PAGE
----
Although Microsoft will continue supporting Windows XP through 2014, enterprises should begin migrating to Windows 7 soon to avoid losing support for their environments from independent software vendors.
On 22 October 2009, Windows 7, the latest version of Microsoft's flagship operating system, entered general availability. New PCs will ship loaded with the new operating system (OS), and upgrades are publicly available.
While Microsoft's release of Windows 7 marks a milestone for consumers buying PCs, for corporate buyers it's simply another reminder to begin the planning and preparation process for the upcoming unavoidable migration.
Gartner believes Windows 7 will get a significantly better reception than Windows Vista, and we expect it to become the predominant OS in both the corporate and consumer space over the next four years. Windows 7 builds on Windows Vista, inheriting all of its improvements in security and manageability while adding a level of polishing, optimization and feature improvements. The poor level of ecosystem readiness which hobbled Vista, creating serious compatibility issues, has mostly been addressed in Windows 7.
For most corporate users, the critical factor is the end of life for Windows XP, which Microsoft will not support after April 2014. Equally important, we anticipate waning third-party support for XP beginning in late 2011 and accelerating through 2012. We expect that preparation work for migration will take at least 12 to 18 months for most organizations. Organizations should therefore begin migration planning immediately to maximize their options and enable a controlled and cost-effective migration to Windows 7.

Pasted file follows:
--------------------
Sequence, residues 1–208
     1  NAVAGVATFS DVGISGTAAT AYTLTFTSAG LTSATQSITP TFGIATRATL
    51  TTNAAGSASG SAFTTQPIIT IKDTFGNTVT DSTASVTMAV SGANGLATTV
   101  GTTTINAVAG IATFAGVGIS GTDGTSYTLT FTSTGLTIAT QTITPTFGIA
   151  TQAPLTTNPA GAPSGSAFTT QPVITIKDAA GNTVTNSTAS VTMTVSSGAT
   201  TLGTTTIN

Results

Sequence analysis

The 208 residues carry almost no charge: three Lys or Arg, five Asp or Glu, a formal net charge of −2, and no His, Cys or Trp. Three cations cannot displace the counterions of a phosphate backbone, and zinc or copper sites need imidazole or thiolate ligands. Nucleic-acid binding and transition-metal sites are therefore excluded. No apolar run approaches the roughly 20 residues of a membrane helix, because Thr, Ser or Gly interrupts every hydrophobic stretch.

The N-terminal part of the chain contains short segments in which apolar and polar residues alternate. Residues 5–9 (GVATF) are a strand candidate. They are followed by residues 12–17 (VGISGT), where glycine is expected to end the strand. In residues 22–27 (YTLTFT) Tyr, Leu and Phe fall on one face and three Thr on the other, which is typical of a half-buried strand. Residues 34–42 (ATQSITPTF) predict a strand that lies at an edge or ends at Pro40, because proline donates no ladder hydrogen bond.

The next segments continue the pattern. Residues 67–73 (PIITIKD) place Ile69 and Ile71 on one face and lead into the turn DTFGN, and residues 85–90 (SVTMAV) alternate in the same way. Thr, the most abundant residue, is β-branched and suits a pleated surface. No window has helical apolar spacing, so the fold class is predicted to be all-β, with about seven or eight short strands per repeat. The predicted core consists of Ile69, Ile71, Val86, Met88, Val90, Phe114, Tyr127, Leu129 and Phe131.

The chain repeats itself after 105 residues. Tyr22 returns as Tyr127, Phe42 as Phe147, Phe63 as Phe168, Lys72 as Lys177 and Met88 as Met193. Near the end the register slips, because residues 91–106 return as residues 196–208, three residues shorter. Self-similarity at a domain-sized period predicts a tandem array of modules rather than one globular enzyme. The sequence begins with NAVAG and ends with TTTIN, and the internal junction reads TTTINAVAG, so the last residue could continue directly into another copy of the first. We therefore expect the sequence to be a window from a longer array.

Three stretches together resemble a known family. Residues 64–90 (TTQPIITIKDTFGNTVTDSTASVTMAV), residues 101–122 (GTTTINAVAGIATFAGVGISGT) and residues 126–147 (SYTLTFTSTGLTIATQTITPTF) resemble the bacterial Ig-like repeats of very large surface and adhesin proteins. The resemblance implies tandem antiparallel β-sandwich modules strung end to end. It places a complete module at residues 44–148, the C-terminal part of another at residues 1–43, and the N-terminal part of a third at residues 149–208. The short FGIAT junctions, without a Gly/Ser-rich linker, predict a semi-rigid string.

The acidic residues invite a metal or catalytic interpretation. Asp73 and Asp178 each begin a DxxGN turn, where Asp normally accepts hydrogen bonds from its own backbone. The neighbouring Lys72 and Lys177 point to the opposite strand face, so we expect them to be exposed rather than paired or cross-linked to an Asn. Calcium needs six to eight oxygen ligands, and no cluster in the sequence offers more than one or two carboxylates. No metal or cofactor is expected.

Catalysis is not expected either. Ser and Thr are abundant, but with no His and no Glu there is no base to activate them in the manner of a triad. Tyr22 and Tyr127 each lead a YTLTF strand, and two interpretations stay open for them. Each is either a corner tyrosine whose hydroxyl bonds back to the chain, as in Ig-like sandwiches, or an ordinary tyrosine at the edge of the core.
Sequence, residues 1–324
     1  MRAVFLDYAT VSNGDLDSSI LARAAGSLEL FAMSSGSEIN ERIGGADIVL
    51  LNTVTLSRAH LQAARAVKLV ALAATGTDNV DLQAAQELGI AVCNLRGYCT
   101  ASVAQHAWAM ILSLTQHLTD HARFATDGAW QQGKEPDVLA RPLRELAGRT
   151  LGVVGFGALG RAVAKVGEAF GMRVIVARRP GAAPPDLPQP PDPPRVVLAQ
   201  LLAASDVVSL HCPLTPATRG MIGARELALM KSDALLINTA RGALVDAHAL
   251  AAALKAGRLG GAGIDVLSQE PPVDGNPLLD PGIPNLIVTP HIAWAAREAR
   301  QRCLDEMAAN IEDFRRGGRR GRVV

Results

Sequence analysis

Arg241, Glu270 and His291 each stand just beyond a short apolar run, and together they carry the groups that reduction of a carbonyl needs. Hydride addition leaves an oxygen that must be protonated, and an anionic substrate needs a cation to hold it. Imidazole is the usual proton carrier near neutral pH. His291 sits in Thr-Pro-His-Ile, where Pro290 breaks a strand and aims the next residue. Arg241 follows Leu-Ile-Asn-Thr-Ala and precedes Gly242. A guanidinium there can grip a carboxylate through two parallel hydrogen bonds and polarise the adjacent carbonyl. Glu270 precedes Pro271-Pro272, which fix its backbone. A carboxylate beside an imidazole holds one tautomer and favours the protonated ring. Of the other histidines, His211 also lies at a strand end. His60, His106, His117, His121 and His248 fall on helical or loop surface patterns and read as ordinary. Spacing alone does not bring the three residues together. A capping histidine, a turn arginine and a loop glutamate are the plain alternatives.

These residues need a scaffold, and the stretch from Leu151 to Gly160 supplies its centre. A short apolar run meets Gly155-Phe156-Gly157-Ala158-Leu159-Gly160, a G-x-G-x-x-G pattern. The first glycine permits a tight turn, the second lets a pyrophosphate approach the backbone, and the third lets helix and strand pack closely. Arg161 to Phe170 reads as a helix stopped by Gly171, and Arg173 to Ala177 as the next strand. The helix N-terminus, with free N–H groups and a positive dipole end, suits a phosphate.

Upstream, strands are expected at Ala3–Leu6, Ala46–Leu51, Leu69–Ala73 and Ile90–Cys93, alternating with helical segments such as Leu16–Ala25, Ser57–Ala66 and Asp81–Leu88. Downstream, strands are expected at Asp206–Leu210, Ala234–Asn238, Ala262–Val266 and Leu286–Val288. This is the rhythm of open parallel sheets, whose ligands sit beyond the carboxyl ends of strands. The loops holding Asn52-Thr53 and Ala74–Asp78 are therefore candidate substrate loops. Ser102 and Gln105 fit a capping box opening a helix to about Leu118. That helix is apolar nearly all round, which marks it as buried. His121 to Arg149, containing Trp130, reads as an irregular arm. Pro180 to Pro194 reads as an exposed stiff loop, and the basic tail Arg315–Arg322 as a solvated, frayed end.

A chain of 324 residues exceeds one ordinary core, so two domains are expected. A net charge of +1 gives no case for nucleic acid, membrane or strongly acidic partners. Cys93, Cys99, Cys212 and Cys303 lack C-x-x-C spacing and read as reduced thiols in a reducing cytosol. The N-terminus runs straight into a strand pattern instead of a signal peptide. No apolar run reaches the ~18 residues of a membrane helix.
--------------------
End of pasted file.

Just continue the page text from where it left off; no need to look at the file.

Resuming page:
All enterprises using Microsoft Windows:
Although Microsoft will support Windows XP until April 2014, plan to be off Windows XP by the end of 2012 to ensure ongoing support by independent software vendors for new applications.
Start migration projects immediately, including planning and testing programs. Unlike previous OS migrations, there is no need to wait for the first service pack before testing or deployment.
Develop an appropriate and realistic budget for the migration. Gartner’s model shows that, depending on an organization's approach, migration typically could cost more than $500 per user for IT testing and deployment labor, $500 to $1,000 per user to replace incompatible software in a move from Windows XP to Windows 7 — and $175 to $210 per user for testing and migration to move from Windows Vista to Windows 7 (see "Cost Model: Migration to Windows Vista and Windows 7" and "Prepare for Windows 7 in Three Phases" ).
"Reasons to Care About Windows 7, and Reasons Not to" — Windows 7 has been characterized as everything from a major step for Windows to a minor service pack for Windows Vista — but either way, Windows 7 is unskippable. By Michael Silver and others
"Prepare for Windows 7 in Three Phases" — Organizations should plan to spend between 12 and 18 months learning about Windows 7, developing new environments and testing their applications. By Stephen Kleynhans
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